The hot summer days of June and July became a heat wave, ending with two great thunderstorms in mid-July. Three men were killed at Taplow and a schoolgirl evacuee cycling in the Datchet road also died. Over three inches of rain fell in the three days causing local flooding.
The maintenance of roads, drains, ditches and other public works which were the responsibility of the council had become difficult as their employees were called up for military service.
Complaints arose regarding the decline in local public services such as to why there was no longer an afternoon delivery of letters to Eton Wick. Enquiries from the council to the Windsor Postmaster brought the familiar reply that the shortage of labour and war restrictions made it difficult to maintain services.
Food rationing encouraged the adoption of various programmes for the growing and preserving of food. One successful activity, the National Fruit Preserving Scheme, was operated by the National Federation of Womens Institutes. But Eton Wick W.I. voted not to join the scheme.
Enquiries in Council as to the W.I. rejection, Councillor Mr Chew explained that the only suitable premises had been taken for other purposes, referring to the use of the village hall by the evacuated L.C.C. School.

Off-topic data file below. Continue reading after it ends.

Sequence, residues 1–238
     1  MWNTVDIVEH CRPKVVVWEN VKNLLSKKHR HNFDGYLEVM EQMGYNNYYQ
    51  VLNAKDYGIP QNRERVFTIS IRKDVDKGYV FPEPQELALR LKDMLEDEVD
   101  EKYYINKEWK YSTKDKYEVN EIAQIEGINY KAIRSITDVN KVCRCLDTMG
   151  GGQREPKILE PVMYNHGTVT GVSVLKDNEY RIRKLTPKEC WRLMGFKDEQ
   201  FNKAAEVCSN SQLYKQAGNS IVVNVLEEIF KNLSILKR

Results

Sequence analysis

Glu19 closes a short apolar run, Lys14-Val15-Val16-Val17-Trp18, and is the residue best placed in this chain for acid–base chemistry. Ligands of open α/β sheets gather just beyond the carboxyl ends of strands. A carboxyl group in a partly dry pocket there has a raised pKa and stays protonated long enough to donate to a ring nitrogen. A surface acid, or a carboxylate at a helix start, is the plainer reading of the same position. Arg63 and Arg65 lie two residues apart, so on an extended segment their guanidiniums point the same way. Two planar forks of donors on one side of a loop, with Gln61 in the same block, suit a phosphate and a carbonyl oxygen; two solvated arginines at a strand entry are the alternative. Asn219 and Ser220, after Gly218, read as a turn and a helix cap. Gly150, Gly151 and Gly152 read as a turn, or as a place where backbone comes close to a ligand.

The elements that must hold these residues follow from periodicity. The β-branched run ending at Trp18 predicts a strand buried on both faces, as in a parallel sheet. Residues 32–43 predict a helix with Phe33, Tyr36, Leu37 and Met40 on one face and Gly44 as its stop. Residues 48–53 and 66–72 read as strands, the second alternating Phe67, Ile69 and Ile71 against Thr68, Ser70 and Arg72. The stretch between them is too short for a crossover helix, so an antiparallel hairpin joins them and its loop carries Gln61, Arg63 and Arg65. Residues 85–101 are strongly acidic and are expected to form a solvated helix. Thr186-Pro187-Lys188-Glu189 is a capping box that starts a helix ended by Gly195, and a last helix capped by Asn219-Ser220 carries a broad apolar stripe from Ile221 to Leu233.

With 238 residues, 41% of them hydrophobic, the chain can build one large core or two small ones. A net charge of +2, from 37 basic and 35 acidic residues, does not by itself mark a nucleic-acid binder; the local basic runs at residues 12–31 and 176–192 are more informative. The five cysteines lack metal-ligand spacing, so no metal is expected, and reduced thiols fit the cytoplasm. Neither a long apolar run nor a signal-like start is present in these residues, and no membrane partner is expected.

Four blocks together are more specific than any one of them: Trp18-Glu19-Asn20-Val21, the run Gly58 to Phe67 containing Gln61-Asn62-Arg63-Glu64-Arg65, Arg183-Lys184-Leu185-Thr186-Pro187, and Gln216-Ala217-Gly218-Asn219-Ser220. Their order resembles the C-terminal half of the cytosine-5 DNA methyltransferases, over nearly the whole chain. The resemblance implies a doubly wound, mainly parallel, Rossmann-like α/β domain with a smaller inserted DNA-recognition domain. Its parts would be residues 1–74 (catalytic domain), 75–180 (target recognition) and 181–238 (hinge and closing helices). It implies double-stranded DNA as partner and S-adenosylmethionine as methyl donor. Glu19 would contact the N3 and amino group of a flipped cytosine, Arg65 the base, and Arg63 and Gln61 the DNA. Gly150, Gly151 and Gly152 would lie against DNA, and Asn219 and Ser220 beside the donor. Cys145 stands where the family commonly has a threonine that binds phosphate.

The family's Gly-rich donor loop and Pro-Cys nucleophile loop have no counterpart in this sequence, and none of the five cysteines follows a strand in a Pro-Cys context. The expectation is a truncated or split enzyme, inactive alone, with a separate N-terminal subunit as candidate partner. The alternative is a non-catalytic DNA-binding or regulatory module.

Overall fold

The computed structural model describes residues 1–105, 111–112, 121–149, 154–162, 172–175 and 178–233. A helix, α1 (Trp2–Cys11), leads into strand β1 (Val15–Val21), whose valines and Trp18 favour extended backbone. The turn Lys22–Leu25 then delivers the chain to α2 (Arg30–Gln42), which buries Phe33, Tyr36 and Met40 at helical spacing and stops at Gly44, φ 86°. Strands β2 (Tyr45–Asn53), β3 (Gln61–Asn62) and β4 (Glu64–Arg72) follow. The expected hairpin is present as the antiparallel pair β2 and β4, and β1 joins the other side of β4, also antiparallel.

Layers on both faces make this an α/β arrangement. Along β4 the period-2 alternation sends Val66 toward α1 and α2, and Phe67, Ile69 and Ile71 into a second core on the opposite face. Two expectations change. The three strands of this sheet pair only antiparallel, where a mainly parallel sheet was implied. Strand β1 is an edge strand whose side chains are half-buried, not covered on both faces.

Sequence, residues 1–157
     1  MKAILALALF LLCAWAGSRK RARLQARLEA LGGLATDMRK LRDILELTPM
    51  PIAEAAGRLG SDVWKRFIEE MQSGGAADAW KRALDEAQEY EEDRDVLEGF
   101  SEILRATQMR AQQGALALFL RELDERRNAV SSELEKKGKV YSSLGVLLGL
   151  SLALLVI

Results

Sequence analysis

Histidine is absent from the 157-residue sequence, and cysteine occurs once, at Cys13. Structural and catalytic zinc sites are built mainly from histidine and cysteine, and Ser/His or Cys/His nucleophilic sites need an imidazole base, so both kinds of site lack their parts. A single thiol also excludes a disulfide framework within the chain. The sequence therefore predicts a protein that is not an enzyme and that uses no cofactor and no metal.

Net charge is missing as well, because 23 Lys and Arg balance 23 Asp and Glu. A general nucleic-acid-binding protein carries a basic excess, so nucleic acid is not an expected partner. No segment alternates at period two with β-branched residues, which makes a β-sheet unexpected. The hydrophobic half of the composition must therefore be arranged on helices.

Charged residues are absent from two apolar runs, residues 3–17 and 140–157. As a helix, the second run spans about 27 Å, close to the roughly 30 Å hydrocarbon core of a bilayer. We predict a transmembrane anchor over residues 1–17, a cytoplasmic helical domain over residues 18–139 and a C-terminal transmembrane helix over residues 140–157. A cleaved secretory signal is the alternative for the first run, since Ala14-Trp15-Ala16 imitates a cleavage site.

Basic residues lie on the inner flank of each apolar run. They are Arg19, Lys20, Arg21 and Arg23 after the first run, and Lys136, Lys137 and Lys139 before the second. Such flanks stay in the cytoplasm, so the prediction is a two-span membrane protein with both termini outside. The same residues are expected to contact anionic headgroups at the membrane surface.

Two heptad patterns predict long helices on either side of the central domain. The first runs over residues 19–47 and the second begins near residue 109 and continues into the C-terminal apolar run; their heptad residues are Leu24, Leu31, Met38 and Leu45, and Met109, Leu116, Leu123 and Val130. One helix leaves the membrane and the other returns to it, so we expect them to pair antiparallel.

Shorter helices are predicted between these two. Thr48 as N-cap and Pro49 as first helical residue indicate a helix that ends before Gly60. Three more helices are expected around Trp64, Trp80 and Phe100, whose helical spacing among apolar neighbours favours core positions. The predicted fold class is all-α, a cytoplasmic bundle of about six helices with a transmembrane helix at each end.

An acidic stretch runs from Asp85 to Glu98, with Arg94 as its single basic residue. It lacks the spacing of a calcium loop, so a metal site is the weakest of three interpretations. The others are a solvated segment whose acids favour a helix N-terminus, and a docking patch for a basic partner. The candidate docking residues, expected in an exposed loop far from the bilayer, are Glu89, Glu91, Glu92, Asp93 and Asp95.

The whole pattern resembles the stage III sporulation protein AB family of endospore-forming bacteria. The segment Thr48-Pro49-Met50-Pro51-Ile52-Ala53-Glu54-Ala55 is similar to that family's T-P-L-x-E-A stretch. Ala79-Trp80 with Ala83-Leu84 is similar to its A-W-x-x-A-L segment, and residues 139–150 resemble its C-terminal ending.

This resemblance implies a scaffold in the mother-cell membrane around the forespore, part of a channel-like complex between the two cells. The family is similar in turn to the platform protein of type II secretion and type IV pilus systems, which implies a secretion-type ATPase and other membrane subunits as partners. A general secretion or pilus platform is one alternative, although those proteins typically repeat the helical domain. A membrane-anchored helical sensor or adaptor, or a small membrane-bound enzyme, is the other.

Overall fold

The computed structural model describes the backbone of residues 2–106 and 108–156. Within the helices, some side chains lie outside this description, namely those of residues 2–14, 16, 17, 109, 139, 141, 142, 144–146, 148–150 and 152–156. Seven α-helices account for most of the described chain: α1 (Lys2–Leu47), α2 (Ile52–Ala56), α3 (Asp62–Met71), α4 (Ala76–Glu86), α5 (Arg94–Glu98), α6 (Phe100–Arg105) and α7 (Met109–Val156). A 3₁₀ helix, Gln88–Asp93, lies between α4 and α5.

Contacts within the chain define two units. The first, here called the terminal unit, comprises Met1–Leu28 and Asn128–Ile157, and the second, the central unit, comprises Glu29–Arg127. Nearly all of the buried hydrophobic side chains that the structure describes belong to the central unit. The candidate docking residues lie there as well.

It was pointed out to the Council Chairman that there was not a great deal of fruit grown by individual families in the village who were quite capable of dealing with their own fruit. Mr Walley, the Chief Food Officer, thought that if the village was not operating through the W.I. then a Sub Committee should be formed to deal with the matter. A Ladies Committee was therefore formed with Mrs Chantler, Mrs Attlee, Mrs Roe, and Mrs Chew to advise on the possible implementation of the scheme.
This is an extract from Round and About Eton Wick: 1939 - 1945. The book was researched, written and published in 2001 by John Denham.
Note. It must have been useful to have Mrs Chantler on the Ladies Committee as she would have been able to provide a grocer's view of rationing and supply issues. An interesting insight into the life of a wartime grocers can be found in The View From the Corner Shop published by Simon & Schuster